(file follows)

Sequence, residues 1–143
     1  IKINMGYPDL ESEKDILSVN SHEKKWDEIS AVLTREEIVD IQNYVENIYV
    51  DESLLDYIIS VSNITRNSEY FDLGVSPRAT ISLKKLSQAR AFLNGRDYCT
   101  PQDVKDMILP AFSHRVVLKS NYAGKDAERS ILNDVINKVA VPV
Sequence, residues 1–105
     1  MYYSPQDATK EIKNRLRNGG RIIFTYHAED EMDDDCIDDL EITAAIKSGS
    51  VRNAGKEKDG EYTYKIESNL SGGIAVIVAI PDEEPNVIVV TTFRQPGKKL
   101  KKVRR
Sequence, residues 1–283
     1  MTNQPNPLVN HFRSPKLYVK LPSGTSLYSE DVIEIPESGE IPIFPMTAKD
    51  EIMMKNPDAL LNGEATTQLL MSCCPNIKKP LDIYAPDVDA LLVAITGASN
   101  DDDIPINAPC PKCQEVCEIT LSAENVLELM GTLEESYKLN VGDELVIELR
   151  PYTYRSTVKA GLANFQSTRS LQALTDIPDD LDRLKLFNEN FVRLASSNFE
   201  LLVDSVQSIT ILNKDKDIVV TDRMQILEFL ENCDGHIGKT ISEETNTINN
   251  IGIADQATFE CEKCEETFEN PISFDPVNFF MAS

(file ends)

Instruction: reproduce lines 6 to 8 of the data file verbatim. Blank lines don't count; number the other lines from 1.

     1  MYYSPQDATK EIKNRLRNGG RIIFTYHAED EMDDDCIDDL EITAAIKSGS
    51  VRNAGKEKDG EYTYKIESNL SGGIAVIVAI PDEEPNVIVV TTFRQPGKKL
   101  KKVRR